[time-nuts] Jupiter GPS Settings For Best Timing Performance

Ulrich Bangert df6jb at ulrich-bangert.de
Thu Apr 10 08:04:49 EDT 2008


I do not know whether your design enables you to measure this with the
necessary precision or not, but in general questions for the sources of
such effects are more easily answered if NOT the observed frequency
fluctuation is specified but the sudden phase offset value that the
regulation loop is reacting to by the frequency fluctuation. 

I have dealt a lot with such sudden phase offsets in my DIY GPSDO
because I wanted to be able to recognize outliers which should not have
an influence on the loop response. The experience out of it is:

1) Sometimes there will be sudden phase offsets that are more or less
due to errors in the phase comparator circuits, like a sudden glitch
that makes the phase comparator measure a wrong value. Errors like that
are produced for example by spikes on the power lines. It is
characteristic for that kind of error that it has a certain statistical
probability to appear but when it appears it has a negative influence on
a SINGLE phase measurement only and does not produce a "history". Errors
like this may come from the receiver circuitry as well. A analogue pll @
10 kHz with a time constant of several seconds should not react heavily
on effects like that.

2) Then there is a second source of sudden phase offsets that is more
serious: If there is a divider chain after the LO which most GPSDOs will
have down to 1 pps or 10 kHz in the G3RUH design then there are chances
that one or more flip-flops in the divider chain may change its state
due to an unwanted glitch. Because the divider chain has a "memory" in
the sense that its next state always depens on the previous state, this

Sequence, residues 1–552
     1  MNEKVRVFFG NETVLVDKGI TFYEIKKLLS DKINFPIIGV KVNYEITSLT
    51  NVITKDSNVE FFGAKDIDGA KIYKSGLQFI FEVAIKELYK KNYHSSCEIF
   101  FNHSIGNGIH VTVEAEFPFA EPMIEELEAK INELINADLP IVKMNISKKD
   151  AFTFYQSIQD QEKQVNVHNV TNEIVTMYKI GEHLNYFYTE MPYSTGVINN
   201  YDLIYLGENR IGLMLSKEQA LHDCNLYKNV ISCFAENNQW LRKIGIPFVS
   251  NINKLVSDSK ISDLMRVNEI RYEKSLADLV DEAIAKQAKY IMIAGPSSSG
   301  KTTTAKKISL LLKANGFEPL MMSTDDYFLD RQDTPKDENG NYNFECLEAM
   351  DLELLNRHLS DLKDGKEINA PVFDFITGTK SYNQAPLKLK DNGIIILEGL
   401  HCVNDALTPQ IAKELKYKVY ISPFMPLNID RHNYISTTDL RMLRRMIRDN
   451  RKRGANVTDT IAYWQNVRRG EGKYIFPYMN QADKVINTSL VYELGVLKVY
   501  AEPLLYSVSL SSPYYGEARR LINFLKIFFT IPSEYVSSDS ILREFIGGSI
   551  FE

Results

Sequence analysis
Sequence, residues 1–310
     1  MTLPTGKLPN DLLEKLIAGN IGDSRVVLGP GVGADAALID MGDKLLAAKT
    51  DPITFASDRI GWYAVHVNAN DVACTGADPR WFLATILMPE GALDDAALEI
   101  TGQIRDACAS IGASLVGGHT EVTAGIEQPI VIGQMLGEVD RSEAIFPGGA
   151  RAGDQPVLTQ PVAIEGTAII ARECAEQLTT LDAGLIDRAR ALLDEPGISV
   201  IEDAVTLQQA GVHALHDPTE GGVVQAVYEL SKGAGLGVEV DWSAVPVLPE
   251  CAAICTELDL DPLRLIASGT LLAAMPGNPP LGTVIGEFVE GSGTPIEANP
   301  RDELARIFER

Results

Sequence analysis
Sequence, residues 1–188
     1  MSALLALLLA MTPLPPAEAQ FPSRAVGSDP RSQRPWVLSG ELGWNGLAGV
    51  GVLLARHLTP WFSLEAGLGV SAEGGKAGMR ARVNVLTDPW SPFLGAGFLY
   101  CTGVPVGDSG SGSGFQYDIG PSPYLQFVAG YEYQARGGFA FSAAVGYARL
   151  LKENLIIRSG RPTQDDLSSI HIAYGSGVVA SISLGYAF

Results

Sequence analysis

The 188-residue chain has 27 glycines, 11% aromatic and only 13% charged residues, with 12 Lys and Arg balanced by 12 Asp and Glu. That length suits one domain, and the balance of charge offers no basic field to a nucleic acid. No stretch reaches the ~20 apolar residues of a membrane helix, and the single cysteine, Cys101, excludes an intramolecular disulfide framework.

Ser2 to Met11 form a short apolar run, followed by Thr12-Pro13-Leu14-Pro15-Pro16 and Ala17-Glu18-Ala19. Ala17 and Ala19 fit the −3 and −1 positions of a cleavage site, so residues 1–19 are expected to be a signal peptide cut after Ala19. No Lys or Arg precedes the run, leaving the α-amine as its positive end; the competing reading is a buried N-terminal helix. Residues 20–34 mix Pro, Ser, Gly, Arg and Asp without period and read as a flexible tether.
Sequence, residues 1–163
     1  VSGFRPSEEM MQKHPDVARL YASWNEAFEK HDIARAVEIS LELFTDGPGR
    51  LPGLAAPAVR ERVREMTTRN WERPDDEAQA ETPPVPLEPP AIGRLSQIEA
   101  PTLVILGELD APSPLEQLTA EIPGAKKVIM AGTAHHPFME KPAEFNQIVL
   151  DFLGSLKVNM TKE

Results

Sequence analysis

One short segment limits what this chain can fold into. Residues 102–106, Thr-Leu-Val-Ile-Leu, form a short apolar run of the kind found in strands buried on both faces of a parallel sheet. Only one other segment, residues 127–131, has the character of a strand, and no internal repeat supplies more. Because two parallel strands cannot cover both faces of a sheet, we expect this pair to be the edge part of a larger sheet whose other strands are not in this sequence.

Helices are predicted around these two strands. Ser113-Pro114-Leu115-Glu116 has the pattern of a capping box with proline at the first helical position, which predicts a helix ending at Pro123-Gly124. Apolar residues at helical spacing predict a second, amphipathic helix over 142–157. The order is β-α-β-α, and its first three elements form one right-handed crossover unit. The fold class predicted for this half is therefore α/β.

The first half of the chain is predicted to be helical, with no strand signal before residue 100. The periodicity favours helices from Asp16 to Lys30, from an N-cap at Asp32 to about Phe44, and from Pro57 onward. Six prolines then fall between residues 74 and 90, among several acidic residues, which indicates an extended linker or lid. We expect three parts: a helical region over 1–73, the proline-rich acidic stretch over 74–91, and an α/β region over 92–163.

will result in a permanent phase offset that a "normal" pll will react
on (try to remove it) ALTHOUGH the LO's FREQUENCY may be perfect all
over the time. It is characteristic for this kind of effect that the
measured phase offset is an integer multiple of the lo's period length.

3) Depending on fundamental changes in the geometry of the observed
sats, i.e. a sat dissappears below the horizont or a new one appears
above the horizont, the receiver must "re-think" its strategy on which
signals to rely more and on which less, which gives rise to sudden
changes in its output timing in the order of typically 20-30 ns. I have
observed a lot of events when the phase offset suddenly changes by 30 ns
or so stays so for some minutes and then falls back by the same amount
as if the receiver had now "learned" the new situation.

The things that you apply to like Satellite Elevation Mask Control
a.s.o. have only an impact if 3) is the issue that you observe. So you
should try to check whether 2) or 3) is the case.

Best regards
Ulrich Bangert         

> -----Ursprüngliche Nachricht-----
> Von: time-nuts-bounces at febo.com 
> [mailto:time-nuts-bounces at febo.com] Im Auftrag von David Smith
> Gesendet: Donnerstag, 10. April 2008 13:05
> An: time-nuts at febo.com
> Betreff: [time-nuts] Jupiter GPS Settings For Best Timing Performance
> I've been working on the performance of my portable GPSDO 
> (very similar 
> to G3RUH design) and have got down to a reasonable level.  Testing 
> against an HP3815A, it will remain within better than 1x10^-10 for 
> periods of 10-15 mins.
> However, there are times when it seems to get a "hit" and it 
> will then 
> move up to ± 5x10^-10 before settling down again.  The 
> movement seems to 
> follow the time constant of the PLL loop filter, possibly indicating 
> that it's coming from the Jupiter GPS?
> Reading the Jupiter doco (Zodiac GPS Receiver Family 
> Designer's Guide), 
> there seem to be several Zodiac Binary messages that can be used to 
> alter the GPS's performance (e.g. Satellite Elevation Mask 
> Control).  I 
> already have a processor talking to the GPS card and displaying 
> position, time, gridsquare, status etc.  It would be a simple 
> matter to 
> have it tweak the parameters as required.
> Does anyone have any experience with this?
> Regards,
> David Smith
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